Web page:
API plastics firm gets power perk to stay on LI

Autronic Plastics has received an award of low-cost

Autronic Plastics has received an award of low-cost electricity from the New York Power Authority for consolidating operations in Central Islip. Chief executive Michael Lax said the company will stay put on Long Island, although he had considered taking the plant to North Carolina where the cost of power is less. (Credit: Newsday, 2011 / Alejandra Villa)

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A plan by a plastics company to expand here, and not in North Carolina, has received a boost from New York State, officials said Monday.

The state Power Authority awarded 436 kilowatts of low-cost electricity to Autronic Plastics Inc. for consolidating operations in Central Islip. A kilowatt equals 1,000 watts and can power a single home.

The company, known as API, has outgrown its office and factory at 29 New York Ave. in Westbury and a small plant outside of Asheville, N.C. It makes LED portable lights used in construction, DVD security cases found in public libraries, and plastic components.

Chief executive Michael Lax said last night that API will stay on Long Island. "The electric rates in North Carolina are almost half of what they are here, and electricity is one of our highest cost items. So this news is good for us," he said when told of the Power Authority's decision.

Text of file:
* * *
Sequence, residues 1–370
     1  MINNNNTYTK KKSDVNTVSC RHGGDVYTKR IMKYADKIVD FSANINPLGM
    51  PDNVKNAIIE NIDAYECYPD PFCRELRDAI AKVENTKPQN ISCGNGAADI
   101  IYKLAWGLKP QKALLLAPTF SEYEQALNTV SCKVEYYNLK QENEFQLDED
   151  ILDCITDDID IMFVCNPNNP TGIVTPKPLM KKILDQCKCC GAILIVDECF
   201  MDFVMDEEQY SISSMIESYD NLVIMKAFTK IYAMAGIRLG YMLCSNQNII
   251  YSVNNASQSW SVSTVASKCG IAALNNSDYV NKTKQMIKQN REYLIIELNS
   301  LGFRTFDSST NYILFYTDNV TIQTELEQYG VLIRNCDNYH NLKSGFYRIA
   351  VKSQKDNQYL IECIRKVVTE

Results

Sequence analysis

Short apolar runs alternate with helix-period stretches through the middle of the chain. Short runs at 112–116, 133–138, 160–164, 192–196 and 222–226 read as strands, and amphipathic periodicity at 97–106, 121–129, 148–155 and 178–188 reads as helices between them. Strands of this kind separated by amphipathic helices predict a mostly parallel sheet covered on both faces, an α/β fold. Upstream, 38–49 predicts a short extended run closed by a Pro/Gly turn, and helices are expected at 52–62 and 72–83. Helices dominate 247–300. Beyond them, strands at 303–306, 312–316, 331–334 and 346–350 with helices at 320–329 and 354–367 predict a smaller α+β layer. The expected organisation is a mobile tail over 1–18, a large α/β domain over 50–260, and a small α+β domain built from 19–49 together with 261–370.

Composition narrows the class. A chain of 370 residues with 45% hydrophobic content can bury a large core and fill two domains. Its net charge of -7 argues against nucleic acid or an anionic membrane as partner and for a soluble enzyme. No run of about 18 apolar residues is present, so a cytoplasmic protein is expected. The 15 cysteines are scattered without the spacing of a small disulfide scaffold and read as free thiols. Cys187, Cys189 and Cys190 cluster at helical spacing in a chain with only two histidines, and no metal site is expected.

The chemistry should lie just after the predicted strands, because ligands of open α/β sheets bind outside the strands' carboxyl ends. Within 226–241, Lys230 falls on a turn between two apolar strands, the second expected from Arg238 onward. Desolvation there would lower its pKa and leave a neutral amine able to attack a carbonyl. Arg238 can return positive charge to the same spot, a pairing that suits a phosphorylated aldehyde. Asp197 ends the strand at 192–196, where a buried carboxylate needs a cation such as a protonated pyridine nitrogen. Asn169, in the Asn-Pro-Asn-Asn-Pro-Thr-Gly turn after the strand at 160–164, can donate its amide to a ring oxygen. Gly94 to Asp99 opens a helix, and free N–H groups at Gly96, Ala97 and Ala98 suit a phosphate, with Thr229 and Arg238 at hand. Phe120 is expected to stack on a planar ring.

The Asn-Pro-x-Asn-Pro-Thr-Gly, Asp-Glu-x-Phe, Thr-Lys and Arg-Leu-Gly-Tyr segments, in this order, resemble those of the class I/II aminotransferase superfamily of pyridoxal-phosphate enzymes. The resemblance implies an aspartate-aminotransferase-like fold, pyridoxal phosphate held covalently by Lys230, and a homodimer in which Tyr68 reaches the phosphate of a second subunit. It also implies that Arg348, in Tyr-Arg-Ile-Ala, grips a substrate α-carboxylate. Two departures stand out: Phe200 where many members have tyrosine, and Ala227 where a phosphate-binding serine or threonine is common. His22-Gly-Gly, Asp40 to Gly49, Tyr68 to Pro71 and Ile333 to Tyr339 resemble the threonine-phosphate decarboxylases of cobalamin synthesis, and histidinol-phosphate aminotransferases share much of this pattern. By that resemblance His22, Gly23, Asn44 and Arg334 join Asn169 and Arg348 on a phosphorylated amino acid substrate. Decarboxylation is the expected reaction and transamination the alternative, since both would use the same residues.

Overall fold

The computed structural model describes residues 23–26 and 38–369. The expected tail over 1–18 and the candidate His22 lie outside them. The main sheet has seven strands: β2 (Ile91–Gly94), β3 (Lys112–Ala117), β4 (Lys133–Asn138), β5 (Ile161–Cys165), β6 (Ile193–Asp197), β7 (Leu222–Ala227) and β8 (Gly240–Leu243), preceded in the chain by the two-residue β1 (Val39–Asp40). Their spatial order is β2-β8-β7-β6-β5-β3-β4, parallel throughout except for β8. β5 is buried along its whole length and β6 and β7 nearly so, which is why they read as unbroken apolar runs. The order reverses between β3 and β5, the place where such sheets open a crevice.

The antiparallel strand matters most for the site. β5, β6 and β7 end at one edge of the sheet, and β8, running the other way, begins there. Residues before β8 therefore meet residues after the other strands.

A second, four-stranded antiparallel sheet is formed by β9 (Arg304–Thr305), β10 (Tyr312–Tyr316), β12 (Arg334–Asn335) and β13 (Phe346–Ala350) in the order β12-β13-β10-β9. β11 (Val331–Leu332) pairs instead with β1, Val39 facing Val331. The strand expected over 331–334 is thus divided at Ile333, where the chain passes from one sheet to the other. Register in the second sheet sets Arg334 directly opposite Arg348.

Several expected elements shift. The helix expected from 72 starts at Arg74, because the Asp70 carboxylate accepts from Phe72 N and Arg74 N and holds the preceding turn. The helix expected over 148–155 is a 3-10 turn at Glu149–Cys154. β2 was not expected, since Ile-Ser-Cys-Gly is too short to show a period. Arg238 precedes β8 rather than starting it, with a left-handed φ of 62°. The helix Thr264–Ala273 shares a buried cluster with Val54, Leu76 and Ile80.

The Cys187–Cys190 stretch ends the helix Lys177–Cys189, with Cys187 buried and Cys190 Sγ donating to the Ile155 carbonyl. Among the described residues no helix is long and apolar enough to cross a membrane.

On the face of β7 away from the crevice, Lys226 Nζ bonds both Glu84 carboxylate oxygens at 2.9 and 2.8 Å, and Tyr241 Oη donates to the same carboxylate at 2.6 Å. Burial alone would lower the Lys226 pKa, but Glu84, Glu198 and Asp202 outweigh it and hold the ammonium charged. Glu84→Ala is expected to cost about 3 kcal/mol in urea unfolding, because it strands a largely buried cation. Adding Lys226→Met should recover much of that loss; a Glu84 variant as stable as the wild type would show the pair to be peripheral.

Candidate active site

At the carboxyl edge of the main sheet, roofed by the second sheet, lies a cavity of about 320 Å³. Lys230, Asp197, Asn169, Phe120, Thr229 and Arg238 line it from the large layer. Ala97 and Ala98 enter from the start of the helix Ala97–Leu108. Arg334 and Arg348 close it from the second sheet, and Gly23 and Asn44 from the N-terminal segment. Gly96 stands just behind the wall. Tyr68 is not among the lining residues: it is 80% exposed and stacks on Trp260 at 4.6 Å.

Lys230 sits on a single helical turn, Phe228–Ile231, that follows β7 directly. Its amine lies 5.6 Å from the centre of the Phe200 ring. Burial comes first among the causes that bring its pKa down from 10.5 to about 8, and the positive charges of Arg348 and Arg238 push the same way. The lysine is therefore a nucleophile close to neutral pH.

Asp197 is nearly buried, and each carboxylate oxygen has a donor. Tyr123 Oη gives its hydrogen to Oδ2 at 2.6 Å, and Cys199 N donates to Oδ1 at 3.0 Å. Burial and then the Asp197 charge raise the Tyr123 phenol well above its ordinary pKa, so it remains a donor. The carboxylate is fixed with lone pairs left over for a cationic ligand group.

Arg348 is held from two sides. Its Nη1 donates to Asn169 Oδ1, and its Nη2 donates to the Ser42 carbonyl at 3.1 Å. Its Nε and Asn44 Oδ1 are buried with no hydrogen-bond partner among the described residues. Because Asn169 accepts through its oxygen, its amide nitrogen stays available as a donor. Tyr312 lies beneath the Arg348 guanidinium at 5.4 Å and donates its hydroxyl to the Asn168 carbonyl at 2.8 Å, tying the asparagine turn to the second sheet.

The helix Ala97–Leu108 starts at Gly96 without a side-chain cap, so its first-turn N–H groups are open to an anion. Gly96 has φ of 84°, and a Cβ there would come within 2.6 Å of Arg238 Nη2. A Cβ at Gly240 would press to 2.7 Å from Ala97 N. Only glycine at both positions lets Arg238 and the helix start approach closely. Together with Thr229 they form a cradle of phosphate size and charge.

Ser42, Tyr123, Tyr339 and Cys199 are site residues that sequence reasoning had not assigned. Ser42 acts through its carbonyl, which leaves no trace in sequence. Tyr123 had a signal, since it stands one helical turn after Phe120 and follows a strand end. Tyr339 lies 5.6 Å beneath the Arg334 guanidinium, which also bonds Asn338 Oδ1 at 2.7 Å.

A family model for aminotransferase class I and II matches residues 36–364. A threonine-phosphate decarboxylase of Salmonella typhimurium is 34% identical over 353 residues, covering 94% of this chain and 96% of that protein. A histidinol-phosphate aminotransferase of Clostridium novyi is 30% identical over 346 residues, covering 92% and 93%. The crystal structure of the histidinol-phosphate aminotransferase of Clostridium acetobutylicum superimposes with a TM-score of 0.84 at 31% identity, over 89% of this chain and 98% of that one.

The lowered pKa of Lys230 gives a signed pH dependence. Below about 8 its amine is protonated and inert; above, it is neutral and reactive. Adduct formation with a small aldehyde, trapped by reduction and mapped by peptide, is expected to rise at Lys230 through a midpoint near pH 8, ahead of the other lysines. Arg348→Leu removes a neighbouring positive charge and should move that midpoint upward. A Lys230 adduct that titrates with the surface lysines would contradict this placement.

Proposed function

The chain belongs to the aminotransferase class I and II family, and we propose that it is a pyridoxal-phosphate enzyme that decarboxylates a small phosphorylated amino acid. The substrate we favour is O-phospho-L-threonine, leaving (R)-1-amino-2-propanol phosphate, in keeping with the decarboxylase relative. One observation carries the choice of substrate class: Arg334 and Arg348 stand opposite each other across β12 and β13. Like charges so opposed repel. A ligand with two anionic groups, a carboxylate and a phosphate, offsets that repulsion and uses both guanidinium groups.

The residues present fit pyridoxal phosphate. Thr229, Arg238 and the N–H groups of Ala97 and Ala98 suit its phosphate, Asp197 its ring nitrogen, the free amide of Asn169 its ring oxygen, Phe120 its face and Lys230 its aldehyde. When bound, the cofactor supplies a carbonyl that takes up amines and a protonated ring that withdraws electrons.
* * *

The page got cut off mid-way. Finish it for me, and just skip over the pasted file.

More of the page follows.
In return for reduced utility bills for seven years, API will maintain its workforce of 85 and add 21. It also will spend $4 million on a 100,000-square-foot facility at 1150 Motor Pkwy in Central Islip.

Suffolk County previously offered $1.2 million in tax breaks over 12 years.

API is among four businesses on Long Island winning incentives from the Power Authority through the ReCharge NY program, established in 2011. The others are Big Apple Sign Corp. in Islandia, Hanan Products Co. in Hicksville and Work Market Inc. in Huntington.

More than 100 local companies participate in ReCharge NY, but recently some have complained they aren't receiving the anticipated savings. Price spikes for electricity used in the program have caused fluctuations in utility bills. Earlier this month, the Power Authority instituted a cap on price increases to help stabilize bills.

Authority president Gil Quiniones said Monday, "While there is still more work to be done, I think we can all take pride in the achievement of ReCharge New York."

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